US senator Graham threatens to defund UN over Palestine bid
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US senator Graham threatens to defund UN over Palestine bid

Netanyahu tells visiting Republican lawmaker that Israel will stand firm against effort to impose statehood terms

Prime Minister Benjamin Netanyahu meets with US Senator Lindsey Graham at the Prime Minister's Office in Jerusalem on December 27, 2014. (photo credit: Amos Ben Gershom/GPO/Flash90)
Prime Minister Benjamin Netanyahu meets with US Senator Lindsey Graham at the Prime Minister's Office in Jerusalem on December 27, 2014. (photo credit: Amos Ben Gershom/GPO/Flash90)

Visiting US Senator Lindsey Graham threatened Saturday to withhold US funding from the UN, and Prime Minister Benjamin Netanyahu lashed out at the Palestinian Authority, a day after a senior Palestinian official said the PA will push for a UN vote on the Palestinian statehood bid by Monday.

“This is the same PA that joins hands with Hamas, incites constantly against Israel, the same PA is going to try to bring to the UN Security Council a resolution that seeks to impose on us conditions that will undermine our security,” the prime minister charged on Saturday at a press conference in Jerusalem with the Republican senator from South Carolina.

“We will stand firmly and reject such a diktat,” Netanyahu said.

Graham, a staunch pro-Israel senator, expressed support for the PM’s position, declaring that Congress would not “sit back and allow the United Nations to take over the peace process.”

Graham went so far as to say that “any effort by the French, the Jordanians or anyone to avoid direct negotiations between the Israelis and the Palestinians over the peace process, anyone who tries to take this to the UN Security Council” will be met with “a violent backlash by the Congress that could include suspending funding to the United Nations. We will not sit back and allow the United Nations to take over the peace process.”

He also said the US Congress “has your back, in a very bipartisan way. The Republican Party now runs the House and the Senate, and things will be a bit different. But one thing will be constant: There will be bipartisan support” for Israel.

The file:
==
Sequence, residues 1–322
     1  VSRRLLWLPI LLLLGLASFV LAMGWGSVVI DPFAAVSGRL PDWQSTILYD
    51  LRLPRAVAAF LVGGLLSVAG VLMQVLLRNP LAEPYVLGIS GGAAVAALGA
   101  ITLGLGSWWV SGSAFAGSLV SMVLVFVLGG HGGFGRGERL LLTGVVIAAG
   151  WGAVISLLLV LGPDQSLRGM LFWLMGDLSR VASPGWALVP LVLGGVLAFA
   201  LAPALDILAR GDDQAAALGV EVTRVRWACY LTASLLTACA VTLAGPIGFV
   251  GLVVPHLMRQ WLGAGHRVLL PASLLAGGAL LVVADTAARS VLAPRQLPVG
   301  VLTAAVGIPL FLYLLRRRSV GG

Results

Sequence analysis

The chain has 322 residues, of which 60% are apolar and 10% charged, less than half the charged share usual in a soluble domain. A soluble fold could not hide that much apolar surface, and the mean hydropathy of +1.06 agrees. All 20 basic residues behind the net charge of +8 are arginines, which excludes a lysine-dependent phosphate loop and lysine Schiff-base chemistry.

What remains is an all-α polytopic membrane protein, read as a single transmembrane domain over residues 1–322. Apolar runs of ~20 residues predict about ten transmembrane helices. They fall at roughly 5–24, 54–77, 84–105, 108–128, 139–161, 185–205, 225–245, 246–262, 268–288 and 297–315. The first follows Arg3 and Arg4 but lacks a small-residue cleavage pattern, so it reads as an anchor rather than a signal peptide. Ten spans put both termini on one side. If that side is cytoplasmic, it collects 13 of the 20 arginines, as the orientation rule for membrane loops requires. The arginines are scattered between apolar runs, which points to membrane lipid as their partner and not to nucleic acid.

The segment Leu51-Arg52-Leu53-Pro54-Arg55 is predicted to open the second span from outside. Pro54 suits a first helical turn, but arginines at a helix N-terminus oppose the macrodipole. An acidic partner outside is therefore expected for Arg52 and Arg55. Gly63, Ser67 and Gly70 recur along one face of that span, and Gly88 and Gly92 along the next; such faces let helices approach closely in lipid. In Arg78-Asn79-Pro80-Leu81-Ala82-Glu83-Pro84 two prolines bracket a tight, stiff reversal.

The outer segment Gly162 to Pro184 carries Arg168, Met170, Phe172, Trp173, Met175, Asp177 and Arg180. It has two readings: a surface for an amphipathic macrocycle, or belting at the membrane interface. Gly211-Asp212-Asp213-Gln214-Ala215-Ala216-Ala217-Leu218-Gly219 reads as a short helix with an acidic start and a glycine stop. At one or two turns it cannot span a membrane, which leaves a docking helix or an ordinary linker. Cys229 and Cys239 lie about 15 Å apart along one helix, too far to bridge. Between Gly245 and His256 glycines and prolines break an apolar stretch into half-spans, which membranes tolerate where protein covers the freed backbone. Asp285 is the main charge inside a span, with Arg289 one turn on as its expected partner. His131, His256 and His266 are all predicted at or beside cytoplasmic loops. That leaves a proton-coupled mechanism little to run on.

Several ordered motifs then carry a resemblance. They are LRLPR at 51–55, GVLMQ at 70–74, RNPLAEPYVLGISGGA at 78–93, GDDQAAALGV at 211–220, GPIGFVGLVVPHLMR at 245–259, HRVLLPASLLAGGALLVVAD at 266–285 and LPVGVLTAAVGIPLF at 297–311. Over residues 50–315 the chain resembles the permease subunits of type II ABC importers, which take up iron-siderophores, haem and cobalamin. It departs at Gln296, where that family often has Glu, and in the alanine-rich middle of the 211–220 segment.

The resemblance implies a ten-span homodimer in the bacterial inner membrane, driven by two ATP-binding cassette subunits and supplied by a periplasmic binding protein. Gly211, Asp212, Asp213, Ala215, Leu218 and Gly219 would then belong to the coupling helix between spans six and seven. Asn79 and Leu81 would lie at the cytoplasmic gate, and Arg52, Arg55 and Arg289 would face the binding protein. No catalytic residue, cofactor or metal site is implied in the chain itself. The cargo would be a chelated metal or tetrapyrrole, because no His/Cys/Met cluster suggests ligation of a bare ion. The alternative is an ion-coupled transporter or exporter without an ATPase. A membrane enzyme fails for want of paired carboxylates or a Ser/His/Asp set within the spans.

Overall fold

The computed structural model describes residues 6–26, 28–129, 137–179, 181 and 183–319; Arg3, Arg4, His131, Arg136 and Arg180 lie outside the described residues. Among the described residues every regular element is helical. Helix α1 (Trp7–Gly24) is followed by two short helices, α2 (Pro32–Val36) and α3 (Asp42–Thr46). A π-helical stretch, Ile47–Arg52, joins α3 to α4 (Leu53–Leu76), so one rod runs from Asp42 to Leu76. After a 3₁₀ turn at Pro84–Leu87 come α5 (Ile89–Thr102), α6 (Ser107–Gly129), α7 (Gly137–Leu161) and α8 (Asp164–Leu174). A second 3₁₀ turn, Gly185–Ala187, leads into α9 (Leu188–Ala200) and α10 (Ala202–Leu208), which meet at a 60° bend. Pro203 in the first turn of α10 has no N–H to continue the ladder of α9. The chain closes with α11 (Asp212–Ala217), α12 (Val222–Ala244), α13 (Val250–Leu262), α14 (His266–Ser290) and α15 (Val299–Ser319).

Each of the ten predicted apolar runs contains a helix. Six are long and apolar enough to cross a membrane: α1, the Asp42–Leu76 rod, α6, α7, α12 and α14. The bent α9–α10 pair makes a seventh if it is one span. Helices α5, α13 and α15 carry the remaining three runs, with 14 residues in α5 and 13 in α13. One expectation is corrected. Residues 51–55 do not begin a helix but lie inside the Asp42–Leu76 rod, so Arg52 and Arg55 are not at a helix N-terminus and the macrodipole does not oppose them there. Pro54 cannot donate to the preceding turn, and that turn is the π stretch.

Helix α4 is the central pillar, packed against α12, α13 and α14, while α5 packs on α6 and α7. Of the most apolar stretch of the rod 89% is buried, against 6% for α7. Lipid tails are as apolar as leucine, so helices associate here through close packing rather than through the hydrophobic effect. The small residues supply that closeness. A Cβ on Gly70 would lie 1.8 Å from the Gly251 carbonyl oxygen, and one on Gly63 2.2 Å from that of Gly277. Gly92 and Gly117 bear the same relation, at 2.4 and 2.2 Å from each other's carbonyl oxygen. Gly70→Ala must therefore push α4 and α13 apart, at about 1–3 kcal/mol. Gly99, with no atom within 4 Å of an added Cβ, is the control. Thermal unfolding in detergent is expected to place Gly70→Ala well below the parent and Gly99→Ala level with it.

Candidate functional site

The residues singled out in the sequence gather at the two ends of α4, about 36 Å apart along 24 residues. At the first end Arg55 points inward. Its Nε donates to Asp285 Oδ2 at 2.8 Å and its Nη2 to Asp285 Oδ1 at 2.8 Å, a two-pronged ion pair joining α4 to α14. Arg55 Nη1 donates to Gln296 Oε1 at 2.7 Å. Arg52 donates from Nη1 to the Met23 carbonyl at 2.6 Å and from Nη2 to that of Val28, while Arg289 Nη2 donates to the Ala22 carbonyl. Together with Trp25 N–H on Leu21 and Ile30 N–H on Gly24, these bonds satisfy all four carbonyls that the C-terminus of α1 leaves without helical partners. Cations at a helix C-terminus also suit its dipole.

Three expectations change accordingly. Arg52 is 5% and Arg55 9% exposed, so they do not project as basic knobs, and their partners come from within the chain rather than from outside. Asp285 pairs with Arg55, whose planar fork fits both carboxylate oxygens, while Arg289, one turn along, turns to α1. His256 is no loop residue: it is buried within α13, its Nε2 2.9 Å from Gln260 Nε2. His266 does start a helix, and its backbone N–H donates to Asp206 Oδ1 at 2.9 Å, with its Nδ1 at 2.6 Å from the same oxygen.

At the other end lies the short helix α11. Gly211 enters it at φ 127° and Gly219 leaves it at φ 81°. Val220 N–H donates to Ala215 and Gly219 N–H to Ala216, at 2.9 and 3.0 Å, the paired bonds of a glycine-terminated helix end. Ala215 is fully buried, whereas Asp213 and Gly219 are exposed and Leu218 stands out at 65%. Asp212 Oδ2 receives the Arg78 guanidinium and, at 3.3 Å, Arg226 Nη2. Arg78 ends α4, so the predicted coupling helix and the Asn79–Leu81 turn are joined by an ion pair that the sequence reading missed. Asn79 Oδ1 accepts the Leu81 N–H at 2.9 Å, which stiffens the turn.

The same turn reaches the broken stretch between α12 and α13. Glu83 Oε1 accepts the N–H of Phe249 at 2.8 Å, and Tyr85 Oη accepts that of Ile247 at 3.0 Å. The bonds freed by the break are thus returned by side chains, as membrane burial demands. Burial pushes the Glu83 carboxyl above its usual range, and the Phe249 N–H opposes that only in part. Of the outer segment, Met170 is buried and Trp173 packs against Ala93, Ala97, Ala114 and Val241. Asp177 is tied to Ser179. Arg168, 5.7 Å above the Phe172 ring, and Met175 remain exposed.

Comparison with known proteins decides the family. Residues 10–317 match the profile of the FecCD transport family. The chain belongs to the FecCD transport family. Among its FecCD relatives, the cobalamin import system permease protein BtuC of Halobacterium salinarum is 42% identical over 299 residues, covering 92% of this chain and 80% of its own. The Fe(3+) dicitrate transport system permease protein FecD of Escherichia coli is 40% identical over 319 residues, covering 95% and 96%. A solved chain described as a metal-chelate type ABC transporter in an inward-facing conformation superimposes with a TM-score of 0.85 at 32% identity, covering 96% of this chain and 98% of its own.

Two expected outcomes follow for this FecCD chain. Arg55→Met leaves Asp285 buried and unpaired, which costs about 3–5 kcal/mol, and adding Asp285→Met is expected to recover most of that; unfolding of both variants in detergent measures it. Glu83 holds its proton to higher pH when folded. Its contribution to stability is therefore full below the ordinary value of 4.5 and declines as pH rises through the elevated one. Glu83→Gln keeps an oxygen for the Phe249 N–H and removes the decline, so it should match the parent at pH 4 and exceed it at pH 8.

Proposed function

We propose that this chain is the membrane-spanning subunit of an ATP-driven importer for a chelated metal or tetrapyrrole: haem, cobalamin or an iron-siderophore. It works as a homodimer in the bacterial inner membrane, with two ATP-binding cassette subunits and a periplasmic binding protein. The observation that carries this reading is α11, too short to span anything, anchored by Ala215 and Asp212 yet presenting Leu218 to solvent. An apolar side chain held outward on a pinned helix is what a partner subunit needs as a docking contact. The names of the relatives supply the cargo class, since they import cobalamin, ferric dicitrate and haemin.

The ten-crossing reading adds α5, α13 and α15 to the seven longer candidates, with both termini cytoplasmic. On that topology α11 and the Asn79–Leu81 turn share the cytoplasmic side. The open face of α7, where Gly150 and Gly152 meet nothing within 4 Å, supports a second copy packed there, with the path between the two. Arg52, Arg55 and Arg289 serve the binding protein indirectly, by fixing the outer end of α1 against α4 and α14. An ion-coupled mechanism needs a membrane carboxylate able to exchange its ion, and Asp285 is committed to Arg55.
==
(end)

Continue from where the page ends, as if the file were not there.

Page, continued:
Netanyahu also spoke about Iran and tied reports that the Islamic republic developed a new type of drone to the threat of their nuclear program: “Iran today conducted an exercise with a suicide drone. I don’t have to convince you, Senator, that the most important task before us is to prevent this dangerous regime from having nuclear weapons. And I believe that what is required are more sanctions, and stronger sanctions.”

Graham responded that the US Congress would follow Netanyahu’s lead with regard to the ongoing negotiations between the P5+1 and Tehran on reining in Iran’s nuclear program.

“If Iran walks away from the table, sanctions will be re-imposed,” said Graham. “If Iran cheats regarding any deal that we enter to the Iranians, sanctions will be re-imposed. It is important to let the Iranians know that from an American point of view, sanctions are alive and well. So we will be following your counsel and advice,” he told Netanyahu.

“You will see a very vigorous Congress, when it comes to Iran,” Graham went on. “You will see a Congress making sure sanctions are real and will be re-imposed at the drop of a hat. You will see Congress wanting to have a say about any final deal.”

Graham, as chairman of the foreign operations subcommittee of the incoming Senate’s Appropriations Committee, will wield considerable power in foreign policy.

Last month, he told an audience at the inaugural conference of the Israeli American Council. that Republican majority in the Senate will advance a bill that would subject any Iran nuclear deal to congressional review.

Statehood bid

Senior Palestinian official Saeb Erekat said Friday that the Palestinian Authority will ask the United Nations Security Council to vote on a statehood bid by Monday at the latest.

The bid calls for the recognition of a Palestinian state and an Israeli withdrawal to the pre-1967 lines by 2017. The draft resolution sets a 12-month deadline for wrapping up negotiations on a final settlement. A final peace deal would pave the way to the creation of a Palestinian state with Jerusalem as a shared capital, according to the text.

Erekat indicated that some revisions were made to the Jordanian-drafted text but it is not yet clear what items appeared on the finalized version, Israel Radio reported. The document has not been made public yet.

Saeb Erekat, chief Palestinian negotiator, during a news conference in Ramallah in the West Bank on January 2, 2012 (photo credit: Issam Rimawi/Flash90)
Saeb Erekat, chief Palestinian negotiator (photo credit: Issam Rimawi/Flash90/File)

As of last week, France, working with Britain and Germany, was pressing on with a separate text on reviving the peace process, but it was unclear when that effort would yield results or if the Jordanian bid incorporated elements from the trio’s draft.

The Palestinian Authority has refused to postpone the vote until after Israel’s March 17 elections, despite international pressure. Recent reports indicated that Kerry had been pushing for the Palestinians to delay the vote, worrying that it could strengthen the Israeli right wing ahead of election day.

Earlier this week, Palestinian Authority President Mahmoud Abbas warned that his administration would “no longer deal” with Israel if the United Nations Security Council resolution calling for a final peace deal fails.

JTA contributed to this report.

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